Ever wonder why prices always end in $.99 and not a whole number? While that’s a psychological trick retailers and companies use on us, it is also the prices and sales tax ranging from 7-9% that can lead to uneven prices at check out. Have you ever wondered how you can turn those numbers into whole numbers at check out and make money?
Ok, I’ll admit that the prices won’t change on the screen and the cashier would hand you money instead of you handing them money. But there is a method called round up saving/investing. Companies such as Acorns have built around this model of investing and banks use this to incentive savings.
So how does it work? You create an account with a company like Acorns or your bank for savings and link your credit cards and/or debit card. When you pay for something, for example, $1.08 at Dollar Tree with a 8% sales tax included for candy, the program would round it up to $2 and 92 cents would either be invested or saved depending on what you want.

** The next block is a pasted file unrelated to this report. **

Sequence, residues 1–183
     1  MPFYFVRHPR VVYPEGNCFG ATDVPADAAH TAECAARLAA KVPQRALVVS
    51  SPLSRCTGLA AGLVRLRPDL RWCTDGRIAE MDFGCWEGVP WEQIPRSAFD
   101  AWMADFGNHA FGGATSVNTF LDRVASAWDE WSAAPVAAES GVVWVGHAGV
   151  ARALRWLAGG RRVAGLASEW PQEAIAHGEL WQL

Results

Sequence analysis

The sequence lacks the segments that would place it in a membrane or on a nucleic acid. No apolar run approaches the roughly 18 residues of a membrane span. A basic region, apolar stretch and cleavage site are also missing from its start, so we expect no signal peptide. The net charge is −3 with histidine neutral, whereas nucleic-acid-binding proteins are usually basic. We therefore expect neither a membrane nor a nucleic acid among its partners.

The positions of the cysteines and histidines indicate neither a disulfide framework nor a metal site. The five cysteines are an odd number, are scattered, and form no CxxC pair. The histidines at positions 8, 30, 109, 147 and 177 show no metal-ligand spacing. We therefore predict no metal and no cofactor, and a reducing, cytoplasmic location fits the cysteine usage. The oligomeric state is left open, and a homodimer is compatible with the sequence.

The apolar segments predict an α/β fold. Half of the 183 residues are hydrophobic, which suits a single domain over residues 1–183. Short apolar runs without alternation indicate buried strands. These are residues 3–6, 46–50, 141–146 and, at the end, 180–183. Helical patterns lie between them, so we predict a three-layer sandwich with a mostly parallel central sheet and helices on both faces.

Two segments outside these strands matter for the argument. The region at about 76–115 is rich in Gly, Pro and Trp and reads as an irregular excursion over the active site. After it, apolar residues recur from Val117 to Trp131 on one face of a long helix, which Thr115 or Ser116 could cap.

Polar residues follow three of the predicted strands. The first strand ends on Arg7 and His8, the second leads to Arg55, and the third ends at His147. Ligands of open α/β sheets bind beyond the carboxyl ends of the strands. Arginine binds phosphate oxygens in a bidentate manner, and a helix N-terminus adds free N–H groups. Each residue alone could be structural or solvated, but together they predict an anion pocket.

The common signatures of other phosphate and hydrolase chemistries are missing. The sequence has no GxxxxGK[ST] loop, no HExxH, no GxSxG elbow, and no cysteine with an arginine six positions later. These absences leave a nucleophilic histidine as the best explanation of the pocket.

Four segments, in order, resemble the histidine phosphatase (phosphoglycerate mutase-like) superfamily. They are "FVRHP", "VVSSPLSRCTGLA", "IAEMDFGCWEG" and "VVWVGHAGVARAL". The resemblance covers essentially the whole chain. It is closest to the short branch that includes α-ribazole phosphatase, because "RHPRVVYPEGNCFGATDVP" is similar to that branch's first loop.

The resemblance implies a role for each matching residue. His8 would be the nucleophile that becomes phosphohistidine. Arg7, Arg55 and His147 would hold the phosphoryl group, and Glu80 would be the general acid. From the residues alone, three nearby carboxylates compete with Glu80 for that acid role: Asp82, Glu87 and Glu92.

This comes to a cost for investing, though. For Acorns, the basic plan is $1 per month, middle is $3, and advanced is $5 (December 2020 prices). The basic plan suffices for round up investing and the middle and advanced both offer different extra perks like banking.
Now let’s say, with rounding up on all bills paid with credit/debit such as utilities, food, and other expenses makes about $20 dollars each month. Then, invest that into a S&P 500 index fund averaging 7% year over year for about 55 years. The total would be around $138,000 (without inflation). Now if you have $30, the same result would be $207,000. If this money were to be placed into a Roth IRA and using the $3 per month plan, the money would be tax free for retirement, but the monthly costs would have totaled $1980 dollars for Acorns.
The total amount per month for round-ups may vary from person to person, but it is a great way to save for your golden years! And it helps create even numbers on account balances. Happy holidays and investing to become the next Teen Trillionaire!
Written by Ian Cohen